This shows how members of the colony are related to their parents (Coloured circles) and how much a worker is related to members of the colony (Percentages).

Male ants have 1 set of chromosomes. They inherit these from their mothers through asexual reproduction. This means they are 100% related to their mum and don’t have a dad. Weird. Females, workers and queens, inherit 100% of their dad’s genes and 50% of their mothers, making them 75% related to their sisters. This happens through sexual reproduction. Crazy right?

So, let’s go back to Darwin’s question: Why would worker ants give up their ability to have children? Remember back to our last post where I said that eusocial animals have more than one generation in the same nest. This means that all babies in the nest are the brothers and sisters of all the workers. So the workers are 75% related to the colony’s brood and would be only 50% related to their own children. This means, through some very complicated maths, ants are 25% more related to their brothers and sisters than their own children.

How weird is that? Imagine being more related to your brother or sister than you are to your own dad. To all the guys out there imagine not even having a dad! So for a worker ant to get as many of its own genes as possible to be passed on, they must raise their siblings instead of having children of their own.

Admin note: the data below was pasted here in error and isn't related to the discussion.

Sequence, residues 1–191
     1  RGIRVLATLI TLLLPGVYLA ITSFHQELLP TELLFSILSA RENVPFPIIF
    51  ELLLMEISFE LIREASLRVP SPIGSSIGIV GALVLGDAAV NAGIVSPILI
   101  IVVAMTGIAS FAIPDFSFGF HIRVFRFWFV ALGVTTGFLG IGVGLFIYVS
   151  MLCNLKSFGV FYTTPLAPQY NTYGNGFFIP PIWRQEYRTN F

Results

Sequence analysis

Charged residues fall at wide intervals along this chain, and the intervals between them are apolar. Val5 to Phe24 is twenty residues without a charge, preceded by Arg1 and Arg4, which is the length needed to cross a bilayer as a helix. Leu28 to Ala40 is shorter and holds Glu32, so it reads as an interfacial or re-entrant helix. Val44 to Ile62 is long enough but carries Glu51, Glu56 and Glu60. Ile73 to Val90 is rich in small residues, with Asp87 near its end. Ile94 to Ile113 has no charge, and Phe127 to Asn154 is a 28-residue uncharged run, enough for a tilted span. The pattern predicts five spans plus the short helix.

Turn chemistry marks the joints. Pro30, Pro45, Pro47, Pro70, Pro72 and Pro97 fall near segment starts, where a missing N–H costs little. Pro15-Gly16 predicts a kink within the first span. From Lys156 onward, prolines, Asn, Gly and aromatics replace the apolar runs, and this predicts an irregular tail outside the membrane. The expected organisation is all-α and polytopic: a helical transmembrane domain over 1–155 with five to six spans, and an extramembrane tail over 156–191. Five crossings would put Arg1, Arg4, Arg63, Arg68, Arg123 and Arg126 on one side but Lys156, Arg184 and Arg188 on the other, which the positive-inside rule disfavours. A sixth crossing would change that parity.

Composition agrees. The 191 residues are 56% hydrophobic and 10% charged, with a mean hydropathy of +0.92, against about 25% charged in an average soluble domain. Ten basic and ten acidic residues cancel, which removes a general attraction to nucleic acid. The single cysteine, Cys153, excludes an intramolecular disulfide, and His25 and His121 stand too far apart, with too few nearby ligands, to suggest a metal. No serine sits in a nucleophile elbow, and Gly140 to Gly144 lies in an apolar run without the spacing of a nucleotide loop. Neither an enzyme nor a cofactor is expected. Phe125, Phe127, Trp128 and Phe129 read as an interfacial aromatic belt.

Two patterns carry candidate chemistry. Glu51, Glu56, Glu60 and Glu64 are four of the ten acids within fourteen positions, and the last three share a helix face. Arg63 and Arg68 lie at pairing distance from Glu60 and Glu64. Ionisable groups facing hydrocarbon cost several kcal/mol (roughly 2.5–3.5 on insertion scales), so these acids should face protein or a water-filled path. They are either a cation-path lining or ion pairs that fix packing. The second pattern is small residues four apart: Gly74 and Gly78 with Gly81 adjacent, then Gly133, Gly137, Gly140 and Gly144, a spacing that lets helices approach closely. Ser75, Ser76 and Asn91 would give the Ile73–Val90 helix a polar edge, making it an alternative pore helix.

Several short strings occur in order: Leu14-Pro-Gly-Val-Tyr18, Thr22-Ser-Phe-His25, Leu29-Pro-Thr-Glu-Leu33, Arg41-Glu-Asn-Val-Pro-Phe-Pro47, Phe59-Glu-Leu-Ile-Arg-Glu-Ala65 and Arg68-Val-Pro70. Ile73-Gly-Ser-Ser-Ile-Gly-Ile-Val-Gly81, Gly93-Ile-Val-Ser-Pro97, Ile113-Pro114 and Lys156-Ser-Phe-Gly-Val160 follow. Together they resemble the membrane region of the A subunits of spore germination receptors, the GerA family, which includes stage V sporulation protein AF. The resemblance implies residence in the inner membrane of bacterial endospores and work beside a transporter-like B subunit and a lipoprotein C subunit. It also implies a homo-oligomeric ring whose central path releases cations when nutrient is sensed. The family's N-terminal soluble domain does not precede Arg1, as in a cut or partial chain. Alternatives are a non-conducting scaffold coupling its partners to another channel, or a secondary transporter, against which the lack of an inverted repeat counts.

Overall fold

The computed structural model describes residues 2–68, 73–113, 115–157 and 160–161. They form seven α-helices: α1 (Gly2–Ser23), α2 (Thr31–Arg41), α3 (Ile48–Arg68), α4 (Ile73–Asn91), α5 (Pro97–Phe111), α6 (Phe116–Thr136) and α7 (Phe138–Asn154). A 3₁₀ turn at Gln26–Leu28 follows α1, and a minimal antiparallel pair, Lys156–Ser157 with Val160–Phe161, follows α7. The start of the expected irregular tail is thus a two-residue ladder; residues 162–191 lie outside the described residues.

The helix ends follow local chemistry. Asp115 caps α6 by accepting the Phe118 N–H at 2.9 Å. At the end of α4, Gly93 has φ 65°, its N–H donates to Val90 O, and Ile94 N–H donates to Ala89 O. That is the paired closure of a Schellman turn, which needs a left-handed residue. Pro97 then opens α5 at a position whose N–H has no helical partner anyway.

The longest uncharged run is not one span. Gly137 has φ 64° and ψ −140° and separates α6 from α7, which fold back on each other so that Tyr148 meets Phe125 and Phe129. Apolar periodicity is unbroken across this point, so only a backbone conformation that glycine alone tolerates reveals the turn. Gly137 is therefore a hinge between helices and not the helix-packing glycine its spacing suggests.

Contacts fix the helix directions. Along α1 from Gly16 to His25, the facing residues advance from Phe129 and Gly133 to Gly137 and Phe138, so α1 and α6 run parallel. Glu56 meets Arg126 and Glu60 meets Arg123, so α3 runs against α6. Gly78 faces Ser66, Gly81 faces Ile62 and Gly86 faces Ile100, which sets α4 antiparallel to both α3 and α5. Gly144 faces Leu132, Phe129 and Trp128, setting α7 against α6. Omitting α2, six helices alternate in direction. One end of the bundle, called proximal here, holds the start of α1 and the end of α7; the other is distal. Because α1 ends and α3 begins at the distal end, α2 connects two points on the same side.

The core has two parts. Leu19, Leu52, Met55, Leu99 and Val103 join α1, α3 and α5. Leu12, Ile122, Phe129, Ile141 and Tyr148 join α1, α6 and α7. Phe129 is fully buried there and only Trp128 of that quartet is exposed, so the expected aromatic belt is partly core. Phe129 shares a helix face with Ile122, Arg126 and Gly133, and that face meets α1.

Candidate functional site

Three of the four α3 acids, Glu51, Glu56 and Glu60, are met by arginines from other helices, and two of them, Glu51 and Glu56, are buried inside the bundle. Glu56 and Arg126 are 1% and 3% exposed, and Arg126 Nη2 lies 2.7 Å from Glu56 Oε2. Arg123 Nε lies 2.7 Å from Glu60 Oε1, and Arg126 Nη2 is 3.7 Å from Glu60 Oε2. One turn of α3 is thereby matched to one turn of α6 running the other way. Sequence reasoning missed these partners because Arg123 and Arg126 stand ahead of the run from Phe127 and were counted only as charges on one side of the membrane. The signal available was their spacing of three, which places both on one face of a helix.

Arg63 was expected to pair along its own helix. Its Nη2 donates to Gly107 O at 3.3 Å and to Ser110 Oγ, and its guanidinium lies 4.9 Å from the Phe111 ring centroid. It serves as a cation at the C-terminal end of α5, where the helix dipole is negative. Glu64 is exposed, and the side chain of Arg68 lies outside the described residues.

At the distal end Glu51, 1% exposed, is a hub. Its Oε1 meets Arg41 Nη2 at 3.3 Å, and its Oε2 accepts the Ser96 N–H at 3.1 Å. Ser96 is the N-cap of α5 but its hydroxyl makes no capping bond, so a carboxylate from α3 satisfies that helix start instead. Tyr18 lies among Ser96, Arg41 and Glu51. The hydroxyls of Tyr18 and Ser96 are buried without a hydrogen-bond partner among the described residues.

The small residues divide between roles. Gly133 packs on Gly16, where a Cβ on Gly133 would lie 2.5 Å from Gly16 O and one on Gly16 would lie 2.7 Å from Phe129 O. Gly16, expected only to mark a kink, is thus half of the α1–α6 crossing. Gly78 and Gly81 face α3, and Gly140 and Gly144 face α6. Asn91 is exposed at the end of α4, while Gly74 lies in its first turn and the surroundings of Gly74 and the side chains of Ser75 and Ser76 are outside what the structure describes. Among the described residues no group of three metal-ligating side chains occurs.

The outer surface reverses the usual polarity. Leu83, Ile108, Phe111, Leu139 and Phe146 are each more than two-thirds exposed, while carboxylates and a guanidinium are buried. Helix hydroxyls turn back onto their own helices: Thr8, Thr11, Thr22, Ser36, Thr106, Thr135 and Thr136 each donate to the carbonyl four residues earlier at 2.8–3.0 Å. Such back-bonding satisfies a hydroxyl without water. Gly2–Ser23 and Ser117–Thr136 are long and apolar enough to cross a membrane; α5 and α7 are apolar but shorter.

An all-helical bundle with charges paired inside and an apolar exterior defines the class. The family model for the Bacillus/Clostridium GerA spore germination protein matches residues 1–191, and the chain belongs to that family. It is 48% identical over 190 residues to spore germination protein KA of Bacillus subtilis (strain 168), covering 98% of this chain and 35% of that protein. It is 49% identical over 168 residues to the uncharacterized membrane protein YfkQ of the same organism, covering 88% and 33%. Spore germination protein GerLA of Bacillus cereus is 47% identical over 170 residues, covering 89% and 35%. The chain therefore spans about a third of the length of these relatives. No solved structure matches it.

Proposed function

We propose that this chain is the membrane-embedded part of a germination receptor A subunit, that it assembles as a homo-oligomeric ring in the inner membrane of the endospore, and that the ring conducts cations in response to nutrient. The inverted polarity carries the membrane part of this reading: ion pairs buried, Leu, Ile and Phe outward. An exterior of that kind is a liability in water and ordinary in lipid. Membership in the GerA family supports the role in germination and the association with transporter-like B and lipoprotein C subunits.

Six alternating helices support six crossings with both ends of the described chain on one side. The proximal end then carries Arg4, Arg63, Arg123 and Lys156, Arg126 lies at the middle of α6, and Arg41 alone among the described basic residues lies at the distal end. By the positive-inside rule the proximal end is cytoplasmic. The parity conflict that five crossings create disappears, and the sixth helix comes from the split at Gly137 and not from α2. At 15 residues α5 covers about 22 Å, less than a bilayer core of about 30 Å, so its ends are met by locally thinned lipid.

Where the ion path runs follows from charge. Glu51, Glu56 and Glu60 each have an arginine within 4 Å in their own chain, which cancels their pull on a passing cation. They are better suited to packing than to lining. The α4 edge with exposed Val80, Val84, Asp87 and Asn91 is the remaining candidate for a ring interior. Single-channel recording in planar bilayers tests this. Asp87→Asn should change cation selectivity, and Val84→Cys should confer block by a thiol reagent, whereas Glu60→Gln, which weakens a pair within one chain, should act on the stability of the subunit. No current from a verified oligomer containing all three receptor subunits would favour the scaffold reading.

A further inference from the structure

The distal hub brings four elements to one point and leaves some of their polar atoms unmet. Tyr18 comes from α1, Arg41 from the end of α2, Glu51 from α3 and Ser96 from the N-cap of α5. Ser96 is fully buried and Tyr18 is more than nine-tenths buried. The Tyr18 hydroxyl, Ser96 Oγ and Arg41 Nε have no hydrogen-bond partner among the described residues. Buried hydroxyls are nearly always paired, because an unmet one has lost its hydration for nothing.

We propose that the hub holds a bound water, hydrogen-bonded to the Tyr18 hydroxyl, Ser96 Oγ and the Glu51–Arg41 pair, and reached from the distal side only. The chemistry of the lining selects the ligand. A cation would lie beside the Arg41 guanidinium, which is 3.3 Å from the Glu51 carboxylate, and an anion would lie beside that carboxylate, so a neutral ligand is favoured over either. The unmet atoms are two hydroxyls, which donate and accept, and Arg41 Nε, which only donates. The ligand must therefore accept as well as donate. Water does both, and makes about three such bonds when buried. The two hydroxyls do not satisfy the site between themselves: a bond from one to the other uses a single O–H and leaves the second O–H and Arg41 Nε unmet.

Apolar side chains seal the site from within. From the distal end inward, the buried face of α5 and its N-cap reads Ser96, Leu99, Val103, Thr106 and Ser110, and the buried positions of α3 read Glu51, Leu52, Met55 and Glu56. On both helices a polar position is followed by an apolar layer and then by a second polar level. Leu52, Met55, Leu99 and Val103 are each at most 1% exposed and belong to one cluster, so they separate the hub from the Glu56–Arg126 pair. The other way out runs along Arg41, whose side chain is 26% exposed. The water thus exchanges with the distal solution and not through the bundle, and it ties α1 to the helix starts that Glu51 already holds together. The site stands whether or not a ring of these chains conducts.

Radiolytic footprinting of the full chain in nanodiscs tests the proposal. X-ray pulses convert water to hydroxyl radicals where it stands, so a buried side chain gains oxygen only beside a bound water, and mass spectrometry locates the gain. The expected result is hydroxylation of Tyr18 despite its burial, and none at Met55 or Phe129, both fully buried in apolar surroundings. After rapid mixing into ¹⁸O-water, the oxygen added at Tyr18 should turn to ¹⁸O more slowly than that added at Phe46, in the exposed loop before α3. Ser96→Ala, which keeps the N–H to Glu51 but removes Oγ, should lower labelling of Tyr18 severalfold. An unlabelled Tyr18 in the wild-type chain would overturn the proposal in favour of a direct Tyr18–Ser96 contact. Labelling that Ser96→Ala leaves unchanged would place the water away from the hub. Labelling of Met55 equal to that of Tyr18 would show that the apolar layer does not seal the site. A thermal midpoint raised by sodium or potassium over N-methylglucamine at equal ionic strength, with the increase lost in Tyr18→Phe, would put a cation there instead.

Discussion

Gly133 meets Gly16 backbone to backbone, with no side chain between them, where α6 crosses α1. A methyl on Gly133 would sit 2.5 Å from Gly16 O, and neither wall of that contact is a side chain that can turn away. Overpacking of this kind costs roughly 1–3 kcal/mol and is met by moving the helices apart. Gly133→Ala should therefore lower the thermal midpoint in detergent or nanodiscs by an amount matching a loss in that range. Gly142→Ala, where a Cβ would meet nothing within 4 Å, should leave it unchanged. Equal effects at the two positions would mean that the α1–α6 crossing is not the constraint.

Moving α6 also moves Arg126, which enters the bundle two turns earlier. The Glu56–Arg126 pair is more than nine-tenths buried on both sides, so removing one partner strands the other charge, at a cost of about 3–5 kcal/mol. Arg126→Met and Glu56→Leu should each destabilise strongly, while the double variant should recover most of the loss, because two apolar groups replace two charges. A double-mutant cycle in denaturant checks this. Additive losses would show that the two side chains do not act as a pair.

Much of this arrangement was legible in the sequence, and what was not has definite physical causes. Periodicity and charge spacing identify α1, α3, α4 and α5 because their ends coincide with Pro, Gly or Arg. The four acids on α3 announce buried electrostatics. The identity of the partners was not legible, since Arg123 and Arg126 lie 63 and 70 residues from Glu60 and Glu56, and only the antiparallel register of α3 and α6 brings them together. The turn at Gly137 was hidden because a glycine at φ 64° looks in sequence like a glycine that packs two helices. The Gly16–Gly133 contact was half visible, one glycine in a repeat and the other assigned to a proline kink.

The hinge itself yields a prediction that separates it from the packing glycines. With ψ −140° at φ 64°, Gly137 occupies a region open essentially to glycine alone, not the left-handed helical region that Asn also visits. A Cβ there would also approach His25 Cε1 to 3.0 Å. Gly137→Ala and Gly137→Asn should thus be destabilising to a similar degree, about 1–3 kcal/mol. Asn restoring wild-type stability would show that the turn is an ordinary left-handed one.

In terms of genetics, this is why ants live in colonies. You can breathe now, you made it through the genetics! You’re already doing better than I did in genetics lectures. In the future I will cover the non-genetic reasons why ants live in colonies and there are a few. Anyway, that’s for another day. For now, I hope you understand why ants live in colonies in terms of genetics. There are other reasons ants live in colonies that we will cover later. I hope you learned something and thank you for reading,

Alex.

Glossary

Chromosome: How your DNA is stored inside your cells.

Haplodiploid: A system of sexual determination in which diploid females develop from fertilised eggs and haploid males develop from unfertilised eggs, as in most hymenopterans, such as ants and bees.

References

Darwin, C., 1909. The origin of species (pp. 95-96). New York: PF Collier & son.

Excerpts from Charles Darwin’s Notebook Cp. 166

Excerpts from Charles Darwin’s Notebook Mp. 46, 52-59

Friedman, D.A. and Gordon, D.M., 2016. Ant genetics: reproductive physiology, worker morphology, and behavior. Annual Review of Neuroscience39, pp.41-56.

Hölldobler, B. and Wilson, E.O., 1990. The ants. Harvard University Press.

Normark, B.B., Jordal, B.H. and Farrell, B.D., 1999. Origin of a haplodiploid beetle lineage. Proceedings of the Royal Society of London. Series B: Biological Sciences266(1435), pp.2253-2259.